[Advaita-l] Yoga and Advaita Vedanta - 6

Vidyasankar Sundaresan svidyasankar at hotmail.com
Sat Oct 21 18:14:00 CDT 2006

In the previous posts, we have examined BSBh 1.3.33, 2.1.3, 2.3.39 and 
3.2.24, to see how Sankara bhagavatpAda talks about yoga. In this post, I 
will discuss BSBh 2.4.12 and 4.1.7-11.

BS 2.4.12 says, pancavRttir manovad vyapadiSyate - It (prANa) is taught to 
be five-fold, like the mind.

This portion of the brahmasUtra is devoted to a discussion of the prANa, the 
vital breath. The five forms, namely prANa, apAna, vyAna, udAna and samAna, 
are mentioned numerous times in the upanishad texts, e.g. bRhadAraNyaka 
1.5.3, and are perhaps too well known to require much explanation. However, 
Sankara bhagavatpAda is a very meticulous commentator. After enumerating and 
briefly explaining the five forms of prANa, he makes it a point to examine 
the term "manovat" (like the mind) and to comment on why a comparison is 
drawn with the mind. What are the five forms (vRtti-s) of the mind that are 
cited here?

In bRhadAraNyaka upanishat 1.5.3, kAma (desire), saMkalpa (intention) etc 
are listed as being nothing other than the mind. The reference "manovat" 
(like the mind) in BS 2.4.12 cannot be to this passage, because the 
upanishat here lists more than five forms and functions of the mind. He then 
rejects an idea that relates the forms of the mind to the fact that the mind 
processes the objects known through the five senses. For the mind also 
processes objects pertaining to time, which is not known directly through 
sight, hearing, smell, taste or touch. Again, the number five is not met.

Therefore, Sankara bhagavatpAda settles on the five forms of the mind that 
are well known from yoga thought (yogaSAstra-prasiddhA), i.e. YS 1.6: 
"pramANa viparyaya vikalpa nidrA smRtayaH." These, then, are the five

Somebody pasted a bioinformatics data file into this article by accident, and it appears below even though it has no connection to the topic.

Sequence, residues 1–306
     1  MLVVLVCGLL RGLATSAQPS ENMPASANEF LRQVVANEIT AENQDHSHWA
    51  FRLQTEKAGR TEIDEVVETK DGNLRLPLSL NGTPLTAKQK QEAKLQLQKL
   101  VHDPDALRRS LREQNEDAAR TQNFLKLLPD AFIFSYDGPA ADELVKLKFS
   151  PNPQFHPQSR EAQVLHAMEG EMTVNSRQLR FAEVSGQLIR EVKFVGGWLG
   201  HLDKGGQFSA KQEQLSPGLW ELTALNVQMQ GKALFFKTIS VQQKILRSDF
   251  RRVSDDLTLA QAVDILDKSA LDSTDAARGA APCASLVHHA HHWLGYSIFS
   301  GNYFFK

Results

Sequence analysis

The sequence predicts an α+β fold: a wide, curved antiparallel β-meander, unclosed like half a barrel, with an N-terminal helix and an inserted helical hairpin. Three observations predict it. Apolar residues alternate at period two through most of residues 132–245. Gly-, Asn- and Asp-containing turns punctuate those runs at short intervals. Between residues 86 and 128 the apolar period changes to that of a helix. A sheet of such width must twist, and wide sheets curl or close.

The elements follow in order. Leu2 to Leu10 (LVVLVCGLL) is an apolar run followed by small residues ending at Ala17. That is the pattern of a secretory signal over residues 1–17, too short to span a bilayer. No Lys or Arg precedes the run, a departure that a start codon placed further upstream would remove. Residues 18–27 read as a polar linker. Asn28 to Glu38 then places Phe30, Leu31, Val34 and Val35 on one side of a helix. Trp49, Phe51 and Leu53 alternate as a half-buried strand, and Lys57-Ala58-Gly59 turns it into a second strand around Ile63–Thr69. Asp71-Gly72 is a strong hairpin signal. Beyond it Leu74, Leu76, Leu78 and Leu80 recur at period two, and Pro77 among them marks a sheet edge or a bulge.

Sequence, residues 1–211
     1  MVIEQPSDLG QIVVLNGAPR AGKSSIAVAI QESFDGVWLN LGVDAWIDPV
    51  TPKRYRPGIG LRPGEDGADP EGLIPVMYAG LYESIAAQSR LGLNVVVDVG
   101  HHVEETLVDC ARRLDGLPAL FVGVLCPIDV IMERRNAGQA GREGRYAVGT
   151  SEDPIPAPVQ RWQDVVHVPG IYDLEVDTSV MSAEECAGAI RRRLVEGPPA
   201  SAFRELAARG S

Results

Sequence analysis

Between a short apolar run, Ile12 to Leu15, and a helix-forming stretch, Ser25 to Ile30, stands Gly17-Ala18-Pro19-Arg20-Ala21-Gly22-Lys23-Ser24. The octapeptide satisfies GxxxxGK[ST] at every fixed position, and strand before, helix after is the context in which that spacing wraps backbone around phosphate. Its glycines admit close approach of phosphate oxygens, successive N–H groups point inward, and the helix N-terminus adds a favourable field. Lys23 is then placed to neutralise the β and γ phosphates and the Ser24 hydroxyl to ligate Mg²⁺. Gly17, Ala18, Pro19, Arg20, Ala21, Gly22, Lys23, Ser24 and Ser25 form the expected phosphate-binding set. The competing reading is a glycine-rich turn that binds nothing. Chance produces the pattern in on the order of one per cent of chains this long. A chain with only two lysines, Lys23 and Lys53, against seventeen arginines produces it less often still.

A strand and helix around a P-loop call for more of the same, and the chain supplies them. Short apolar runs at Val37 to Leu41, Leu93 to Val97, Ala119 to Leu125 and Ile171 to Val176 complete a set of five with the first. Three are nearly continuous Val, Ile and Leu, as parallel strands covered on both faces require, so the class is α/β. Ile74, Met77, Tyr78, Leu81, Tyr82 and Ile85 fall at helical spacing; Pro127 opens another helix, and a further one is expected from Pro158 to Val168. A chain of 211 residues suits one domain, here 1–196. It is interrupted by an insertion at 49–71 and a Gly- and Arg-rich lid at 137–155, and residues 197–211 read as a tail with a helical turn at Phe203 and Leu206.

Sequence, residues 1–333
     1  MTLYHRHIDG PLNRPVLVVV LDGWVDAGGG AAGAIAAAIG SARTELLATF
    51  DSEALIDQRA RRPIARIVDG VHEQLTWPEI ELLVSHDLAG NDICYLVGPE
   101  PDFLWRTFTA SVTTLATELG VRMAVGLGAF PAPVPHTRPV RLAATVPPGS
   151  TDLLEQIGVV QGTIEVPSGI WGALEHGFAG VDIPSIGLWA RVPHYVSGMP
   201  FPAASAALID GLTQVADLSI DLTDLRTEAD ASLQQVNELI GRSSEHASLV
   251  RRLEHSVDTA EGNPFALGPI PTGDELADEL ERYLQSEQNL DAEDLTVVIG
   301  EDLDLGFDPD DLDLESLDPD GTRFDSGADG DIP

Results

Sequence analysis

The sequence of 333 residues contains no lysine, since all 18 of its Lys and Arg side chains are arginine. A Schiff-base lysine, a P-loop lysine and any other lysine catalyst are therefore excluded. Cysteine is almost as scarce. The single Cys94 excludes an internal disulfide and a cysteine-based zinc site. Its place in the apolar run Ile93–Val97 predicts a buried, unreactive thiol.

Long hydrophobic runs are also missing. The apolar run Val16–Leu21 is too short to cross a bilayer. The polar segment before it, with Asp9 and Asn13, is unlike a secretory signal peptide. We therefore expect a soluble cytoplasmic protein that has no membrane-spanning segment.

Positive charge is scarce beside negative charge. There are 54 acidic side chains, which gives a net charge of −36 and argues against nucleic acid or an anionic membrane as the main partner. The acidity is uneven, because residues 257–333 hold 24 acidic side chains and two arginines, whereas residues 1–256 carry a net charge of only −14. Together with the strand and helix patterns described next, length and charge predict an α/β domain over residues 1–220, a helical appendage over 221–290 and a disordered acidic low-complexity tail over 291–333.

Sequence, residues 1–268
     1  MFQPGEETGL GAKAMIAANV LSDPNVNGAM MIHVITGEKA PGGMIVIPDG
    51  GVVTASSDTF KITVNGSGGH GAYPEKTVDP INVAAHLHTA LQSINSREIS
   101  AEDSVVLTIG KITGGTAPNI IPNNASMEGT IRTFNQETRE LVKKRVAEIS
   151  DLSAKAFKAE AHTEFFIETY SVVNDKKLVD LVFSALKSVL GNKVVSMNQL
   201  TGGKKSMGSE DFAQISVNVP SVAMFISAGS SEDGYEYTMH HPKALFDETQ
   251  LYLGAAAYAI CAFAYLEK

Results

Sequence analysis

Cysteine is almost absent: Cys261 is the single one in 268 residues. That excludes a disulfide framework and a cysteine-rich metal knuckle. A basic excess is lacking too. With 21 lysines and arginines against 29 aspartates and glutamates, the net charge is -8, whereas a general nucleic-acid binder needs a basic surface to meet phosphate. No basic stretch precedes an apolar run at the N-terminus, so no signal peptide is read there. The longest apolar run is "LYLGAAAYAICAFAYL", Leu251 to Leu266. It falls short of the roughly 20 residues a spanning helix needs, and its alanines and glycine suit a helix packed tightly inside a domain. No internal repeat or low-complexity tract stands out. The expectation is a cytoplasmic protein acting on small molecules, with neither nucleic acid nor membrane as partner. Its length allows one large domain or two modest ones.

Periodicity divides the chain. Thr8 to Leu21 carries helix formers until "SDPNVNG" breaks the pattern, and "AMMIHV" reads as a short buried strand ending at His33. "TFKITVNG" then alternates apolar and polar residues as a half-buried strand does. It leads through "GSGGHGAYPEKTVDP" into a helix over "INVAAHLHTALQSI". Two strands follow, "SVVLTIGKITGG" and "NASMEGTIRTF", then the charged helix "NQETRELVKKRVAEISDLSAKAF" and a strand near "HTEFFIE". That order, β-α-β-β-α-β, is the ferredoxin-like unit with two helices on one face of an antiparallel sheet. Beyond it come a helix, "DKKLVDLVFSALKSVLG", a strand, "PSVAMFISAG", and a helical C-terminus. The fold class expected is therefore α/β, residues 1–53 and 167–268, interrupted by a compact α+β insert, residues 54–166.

vRtti-s of the mind, to which are compared the five vRtti-s of the prANa. 
The logic behind this quotation is, "paramatam apratishiddham anumatam 
bhavati" - what is not to be refuted (apratishiddham) in another system of 
thought (paramatam) becomes acceptable (anumatam bhavati). Note that the 
bhAshyakAra is creating room for accepting some very key features of yoga 
thought. After all, YS 1.6 does not stand in isolation, for there is a very 
logical and orderly progression in the ten sUtras from YS 1.2 (yogaS citta 
vRtti nirodhaH) to YS 1.11 (nidrA). I will refer to what the bhAshyakAra 
says about citta vRtti nirodha again in a later post, when I take up 
bRhadAraNyaka bhAshya 1.4.7 for discussion.

To return to BSBh 2.4.12, this passage concludes that the prANa, like the 
mind, takes numerous forms and functions (bahuvRttitva). The number five is 
a reference to the forms of the prANa that enable life (jIvopakaraNa) in the 
body and these are compared to the five forms of the mind.

The final set of passages in BSBh that are relevant to this discussion are 
4.1.7-11. These sUtras say, AsInas sambhavAt (seated, because of the 
possibility), dhyAnAc ca (and from meditation), acalatvam Apekshya 
(expecting steadiness), smaranti ca (and so it is remembered) and 
yatraikAgratA tatrAviSeshAt (where there is one-pointed concentration, there 
are no restrictions).

These sUtra-s recommend that contemplation and meditation on brahman, which 
are part of the true vision (samyag darsana) of reality, should be done in a 
seated posture. The bhAshya explicates these sUtras succinctly. As far as 
Vedic ritual actions are concerned, there are restrictive injunctions 
(niyama vidhi-s) that specify whether an act should be done standing or